In honor of Mother's Day . . .
My mom was diagnosed with Alzheimer’s when she was seventy-seven, but even then we all wondered if she’d had it for a lot longer than we or the doctor knew. She’d been completely deaf since her late thirties and while she lip-read very well, she also got to be an expert at pretending she knew what strangers or casual acquaintances were saying even when she didn’t have a clue. In retrospect, we began to realize that she’d been faking it with us as her memory began to fail.
She never seemed frustrated by her loss of memory. In fact, it was the rest of us who were frustrated and she always responded with a big smile that defused our exasperation.
Even before she went into assisted living care, she began to be foggy about who I was. One night when she asked, and I told her, she didn’t believe me. So I hauled out my driver’s license thinking to prove I was who I claimed to be and her shocked reaction was to ask why I was in possession of my sister’s driver’s license. Even she laughed about it two nights later when she did remember who I was. Conversing with a deaf person who can’t recall how the sentence began has moments of humor, but it’s mostly frustrating and increasingly sad. A few things she never forgot – like the fact that it was me who took her car away. Until nearly the end of her life, she held that indignity against me. And she never forgot that her Johnny was the love of her life.
One thing I remember most about her last few years was that in spite of not being sure who I was, she still loved me and it showed. Until she went into care, she lived next door and I always stopped by on my way home from work. She always lit up with welcome and opened her arms for a hug when I walked into her living room. I “talked” to her mostly through written notes on her multitude of notebooks which had the advantage of being able to flip back a page or two when she continued to repeat the same questions. But the visits were always good ones because I knew she enjoyed our moments together even if she remembered nothing of them as soon as I disappeared from sight.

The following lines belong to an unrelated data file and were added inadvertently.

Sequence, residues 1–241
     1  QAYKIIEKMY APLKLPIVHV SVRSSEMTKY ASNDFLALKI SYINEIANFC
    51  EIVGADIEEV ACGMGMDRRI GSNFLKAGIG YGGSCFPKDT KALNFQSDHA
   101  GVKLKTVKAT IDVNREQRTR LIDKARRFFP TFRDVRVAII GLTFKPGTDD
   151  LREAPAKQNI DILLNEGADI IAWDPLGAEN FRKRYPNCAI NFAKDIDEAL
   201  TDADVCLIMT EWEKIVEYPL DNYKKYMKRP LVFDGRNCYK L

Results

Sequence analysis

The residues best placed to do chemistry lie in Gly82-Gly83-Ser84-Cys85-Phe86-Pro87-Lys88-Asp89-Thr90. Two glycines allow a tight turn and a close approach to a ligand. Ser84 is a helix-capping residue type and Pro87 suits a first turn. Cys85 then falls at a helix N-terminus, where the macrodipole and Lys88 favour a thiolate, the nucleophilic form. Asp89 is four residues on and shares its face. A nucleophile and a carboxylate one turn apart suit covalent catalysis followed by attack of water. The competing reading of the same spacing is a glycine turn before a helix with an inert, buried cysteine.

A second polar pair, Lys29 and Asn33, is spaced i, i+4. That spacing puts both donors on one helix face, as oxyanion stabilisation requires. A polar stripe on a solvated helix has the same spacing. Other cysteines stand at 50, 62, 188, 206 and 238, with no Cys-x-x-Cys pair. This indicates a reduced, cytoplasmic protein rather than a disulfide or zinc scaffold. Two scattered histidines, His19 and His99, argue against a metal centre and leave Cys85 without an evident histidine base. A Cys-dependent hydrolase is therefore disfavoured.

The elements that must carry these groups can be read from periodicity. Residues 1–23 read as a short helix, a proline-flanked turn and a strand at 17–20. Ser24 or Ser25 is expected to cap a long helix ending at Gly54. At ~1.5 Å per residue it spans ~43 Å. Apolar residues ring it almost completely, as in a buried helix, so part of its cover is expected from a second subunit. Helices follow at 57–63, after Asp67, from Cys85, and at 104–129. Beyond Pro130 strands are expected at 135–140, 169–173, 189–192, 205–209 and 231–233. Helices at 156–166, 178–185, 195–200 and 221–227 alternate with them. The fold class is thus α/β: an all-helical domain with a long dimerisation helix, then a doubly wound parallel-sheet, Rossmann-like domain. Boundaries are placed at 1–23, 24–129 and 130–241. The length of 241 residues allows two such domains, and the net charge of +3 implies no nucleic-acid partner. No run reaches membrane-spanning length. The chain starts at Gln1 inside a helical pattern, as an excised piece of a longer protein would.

When the call that I’d been dreading for some time came, I rushed to her side at the hospital where her labored breathing was the only sound in the room. Her heart had failed and although the EMTs had gotten it started again, she never did regain consciousness. When her last breath came, my sister was with us and we were talking on the phone with my brother who lived several states away. So we were all together, hanging on to each other and our memories of a mother who had always loved us with her whole heart. I will always remember the stillness and love that filled that room at that moment. But even more, I will always remember the thousand-watt smile that greeted me every time I went to visit her, even long after she’d completely forgotten either my name or my place in her life. Sometimes a mother’s love is felt more than spoken, and ultimately it transcends even death. I see her smile in billowing white clouds against a brilliant blue sky and a dozen other things she loved, and I feel her touch in the soft darkness as I fall asleep each night.
Happy Mother’s Day, Mom. You were and are the best.